CBS Acquires – Why?

31 May

Strange acquisition today by CBS: they bought one of my favorite sites, – it’s a great site, really nice community stuff going on, nice smooth interface, and above all it delivers . Fact is you will find music you like if you join community, and unlike a lot of other 2.0 sites you don’t need to do actively participate to benefit: sign up, download a small plugin for itunes (or whatever player you use), and it automatically tracks the music you listen to then recommends artists based on the collective community intelligence. The beauty of it is you can be as active or passive as you want to be, and still participate and benefit. Here’s my profile:

Obviously enough the first thing that’s clear from this is that I have very good taste in music. Other than that, I just don’t really see the value for CBS. Old media scrambling to get on board the 2.0 bus? I guess there’s a link with their radio business, but I still don’t really see the value. Different audiences, different format, different world. Two independent businesses, as I see it: the game has just changed so much over the last few years. I don’t see sites like competing with traditional radio any more than any other web property does. Behavior is changing.

Now if AOL or one of the big labels had bought them that would be entirely different. This one is hot of the heels of the Wallstrip acquisition which I didn’t really understand either.

All fun and games, as a colleague of mine would say.


4 Responses to “CBS Acquires – Why?”

  1. howard lindzon May 31, 2007 at 3:06 am #

    Hi – howard from wallstrip here

    check out one of my companies – for great tee times in san diego.

    Quincy is smart so you will get it in a few years.

  2. kaimac May 31, 2007 at 8:17 am #

    What is there to get? Help me understand. No denying that quincy is smart, just somewhat curious that a broadcast behemoth like CBS would acquire a company like yours.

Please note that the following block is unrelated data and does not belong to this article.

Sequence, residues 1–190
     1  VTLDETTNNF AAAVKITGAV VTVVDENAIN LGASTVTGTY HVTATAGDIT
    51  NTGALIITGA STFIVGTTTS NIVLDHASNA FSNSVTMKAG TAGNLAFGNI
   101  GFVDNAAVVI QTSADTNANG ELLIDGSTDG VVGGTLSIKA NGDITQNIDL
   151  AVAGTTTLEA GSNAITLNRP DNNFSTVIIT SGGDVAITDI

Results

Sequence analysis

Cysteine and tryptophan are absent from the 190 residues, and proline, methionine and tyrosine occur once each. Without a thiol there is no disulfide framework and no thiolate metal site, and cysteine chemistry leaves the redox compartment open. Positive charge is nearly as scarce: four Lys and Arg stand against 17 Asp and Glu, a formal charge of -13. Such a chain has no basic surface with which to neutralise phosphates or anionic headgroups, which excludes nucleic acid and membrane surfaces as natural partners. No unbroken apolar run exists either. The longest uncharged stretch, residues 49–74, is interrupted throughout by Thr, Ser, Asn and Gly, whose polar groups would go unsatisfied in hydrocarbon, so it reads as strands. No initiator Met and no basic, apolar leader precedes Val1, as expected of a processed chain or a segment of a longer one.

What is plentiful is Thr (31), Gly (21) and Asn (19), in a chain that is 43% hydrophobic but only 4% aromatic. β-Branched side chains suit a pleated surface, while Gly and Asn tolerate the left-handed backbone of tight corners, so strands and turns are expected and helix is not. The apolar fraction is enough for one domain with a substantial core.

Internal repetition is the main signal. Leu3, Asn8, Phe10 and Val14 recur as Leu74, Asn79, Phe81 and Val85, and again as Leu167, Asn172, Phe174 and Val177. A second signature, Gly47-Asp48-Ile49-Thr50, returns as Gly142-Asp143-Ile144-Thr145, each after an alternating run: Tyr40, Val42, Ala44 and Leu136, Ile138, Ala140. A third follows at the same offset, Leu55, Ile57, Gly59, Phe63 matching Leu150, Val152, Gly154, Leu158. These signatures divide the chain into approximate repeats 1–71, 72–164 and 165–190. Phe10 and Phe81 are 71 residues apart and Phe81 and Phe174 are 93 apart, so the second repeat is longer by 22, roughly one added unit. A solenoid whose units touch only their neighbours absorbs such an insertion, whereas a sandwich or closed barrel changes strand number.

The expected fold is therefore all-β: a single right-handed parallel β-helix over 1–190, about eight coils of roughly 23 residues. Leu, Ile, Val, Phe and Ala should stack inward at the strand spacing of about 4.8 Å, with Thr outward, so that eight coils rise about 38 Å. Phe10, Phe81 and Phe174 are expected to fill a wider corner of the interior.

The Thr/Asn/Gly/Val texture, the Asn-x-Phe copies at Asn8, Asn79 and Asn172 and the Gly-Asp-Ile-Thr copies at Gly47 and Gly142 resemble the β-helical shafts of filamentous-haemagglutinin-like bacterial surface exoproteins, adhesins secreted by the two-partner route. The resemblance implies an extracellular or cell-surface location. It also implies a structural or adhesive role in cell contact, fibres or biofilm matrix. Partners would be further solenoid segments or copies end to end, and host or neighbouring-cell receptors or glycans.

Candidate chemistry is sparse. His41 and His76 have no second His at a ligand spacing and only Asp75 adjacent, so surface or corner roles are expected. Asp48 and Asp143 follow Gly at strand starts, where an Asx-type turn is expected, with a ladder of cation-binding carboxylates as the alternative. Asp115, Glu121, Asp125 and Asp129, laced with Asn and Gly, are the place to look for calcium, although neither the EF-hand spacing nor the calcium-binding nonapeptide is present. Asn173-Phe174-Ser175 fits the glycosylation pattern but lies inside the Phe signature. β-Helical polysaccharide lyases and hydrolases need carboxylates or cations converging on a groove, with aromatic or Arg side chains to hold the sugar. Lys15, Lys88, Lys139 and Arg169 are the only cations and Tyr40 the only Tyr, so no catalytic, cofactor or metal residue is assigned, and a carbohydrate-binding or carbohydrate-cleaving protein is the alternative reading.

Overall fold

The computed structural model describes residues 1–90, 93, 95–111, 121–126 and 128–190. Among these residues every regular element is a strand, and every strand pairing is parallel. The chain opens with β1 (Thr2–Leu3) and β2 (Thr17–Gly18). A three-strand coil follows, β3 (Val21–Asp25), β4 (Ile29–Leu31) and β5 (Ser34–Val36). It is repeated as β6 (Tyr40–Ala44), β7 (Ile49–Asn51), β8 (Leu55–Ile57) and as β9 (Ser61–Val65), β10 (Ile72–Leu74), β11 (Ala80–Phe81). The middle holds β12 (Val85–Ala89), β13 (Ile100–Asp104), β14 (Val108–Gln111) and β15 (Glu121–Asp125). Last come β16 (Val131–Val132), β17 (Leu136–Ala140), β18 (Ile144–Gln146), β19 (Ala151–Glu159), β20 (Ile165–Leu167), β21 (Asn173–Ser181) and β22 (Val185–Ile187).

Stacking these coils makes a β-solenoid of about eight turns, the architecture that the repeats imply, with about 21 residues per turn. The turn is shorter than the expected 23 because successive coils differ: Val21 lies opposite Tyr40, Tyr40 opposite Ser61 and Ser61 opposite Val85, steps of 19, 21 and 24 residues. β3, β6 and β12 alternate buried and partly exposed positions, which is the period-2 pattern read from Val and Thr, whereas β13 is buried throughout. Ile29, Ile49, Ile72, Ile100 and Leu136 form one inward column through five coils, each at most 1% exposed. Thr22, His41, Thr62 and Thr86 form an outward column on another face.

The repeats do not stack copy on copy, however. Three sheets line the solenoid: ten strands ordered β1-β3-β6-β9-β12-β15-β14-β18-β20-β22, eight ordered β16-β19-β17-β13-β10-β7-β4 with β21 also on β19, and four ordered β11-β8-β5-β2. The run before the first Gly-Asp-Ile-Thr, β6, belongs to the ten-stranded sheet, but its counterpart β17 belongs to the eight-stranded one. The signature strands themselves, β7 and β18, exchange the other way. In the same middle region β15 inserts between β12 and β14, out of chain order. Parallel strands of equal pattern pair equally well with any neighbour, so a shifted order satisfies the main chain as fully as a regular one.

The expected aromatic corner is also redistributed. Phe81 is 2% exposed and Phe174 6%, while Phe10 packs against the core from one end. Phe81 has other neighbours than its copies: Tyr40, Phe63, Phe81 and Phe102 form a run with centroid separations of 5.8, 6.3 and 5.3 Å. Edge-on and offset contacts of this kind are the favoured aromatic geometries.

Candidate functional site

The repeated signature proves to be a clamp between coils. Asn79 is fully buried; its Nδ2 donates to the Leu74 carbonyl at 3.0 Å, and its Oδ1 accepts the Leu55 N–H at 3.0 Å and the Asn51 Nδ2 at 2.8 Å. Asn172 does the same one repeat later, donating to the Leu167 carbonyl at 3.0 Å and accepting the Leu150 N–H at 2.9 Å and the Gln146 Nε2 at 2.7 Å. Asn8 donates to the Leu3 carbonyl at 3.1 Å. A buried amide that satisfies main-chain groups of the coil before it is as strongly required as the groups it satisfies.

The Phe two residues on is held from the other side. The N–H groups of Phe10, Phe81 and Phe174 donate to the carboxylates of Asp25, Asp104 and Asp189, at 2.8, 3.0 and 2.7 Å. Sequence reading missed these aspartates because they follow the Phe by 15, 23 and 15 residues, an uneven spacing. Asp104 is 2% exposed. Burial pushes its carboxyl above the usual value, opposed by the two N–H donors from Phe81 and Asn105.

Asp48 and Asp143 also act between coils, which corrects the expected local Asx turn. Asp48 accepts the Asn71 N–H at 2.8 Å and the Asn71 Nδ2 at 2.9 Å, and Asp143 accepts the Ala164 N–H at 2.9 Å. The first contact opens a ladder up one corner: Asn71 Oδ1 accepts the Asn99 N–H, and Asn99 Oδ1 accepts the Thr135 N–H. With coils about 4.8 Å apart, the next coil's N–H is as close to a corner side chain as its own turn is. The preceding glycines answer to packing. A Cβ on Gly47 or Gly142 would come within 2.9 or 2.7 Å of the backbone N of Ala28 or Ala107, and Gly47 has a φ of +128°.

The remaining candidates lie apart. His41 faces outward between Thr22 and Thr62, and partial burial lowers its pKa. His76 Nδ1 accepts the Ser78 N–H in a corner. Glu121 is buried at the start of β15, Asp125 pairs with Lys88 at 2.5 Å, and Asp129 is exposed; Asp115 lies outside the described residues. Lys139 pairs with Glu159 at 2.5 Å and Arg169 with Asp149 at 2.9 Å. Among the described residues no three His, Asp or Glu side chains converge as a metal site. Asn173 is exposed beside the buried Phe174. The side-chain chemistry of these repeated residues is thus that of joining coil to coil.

Congratulations on the deal and all, just odd that with their resources CBS would shell out $5 million on a fledgling videoblog startup.

  3. marc sirkin May 31, 2007 at 8:52 am #

    I’d say that this is a total joke and is “bubble-like” behavior in my opinion (which is worth close to nothing if you are wondering) except that the money is total chump change for CBS. At that price, why not buy

    I wonder if Moonves is actually a user – or maybe his cousin, son, daugther or nephew is and he simply took a hint and bought the damn thing.

    Another quote:
    “They want to move from a content company to an audience company giving the audiences control and learning from this and that’s why was their choice,” he added.”

    Where should I start with this quote… more proof that big/old media is totally clueless. They’d be better off buying Tivo, or doing a better job allowing it’s “audiences” freedom to remix, mash up and create new stuff with their content. But I’m sure I dead wrong.

    Lastly… this quote irkes me beyond anything:

    “The three founders will now be among the most successful – and potentially wealthy – Web 2.0 pioneers in the world.”

    Bubblicious me thinks.

  4. Grand Master Thump June 22, 2007 at 8:58 am #

    Here is a thought, on-demand custom internet radio based on your preferences. Imagine the feedback loop of having the ability to click on a little thing that says, “I liked that song, more of that please”. Then intersperse adverts for albums -> profit.

    Putting on evil corporate genius hat for a short while, how much music publishing does CBS control, going on the theory that understanding a demographic’s music tastes and how they are changing could lead to better label catalogue selection. How about being able to influence changing tatses. Music is such an emotional connector to many people that it could be one hell of a quasi-subliminal marketing tool.

    Actually the more I think about this the more that a large music publishing/broadcasting company should be doing this and it seems like a really smart move if they take it in certain directions. Did Last have a rule about not selling their data, maybe it is just a really expensive data purchase.

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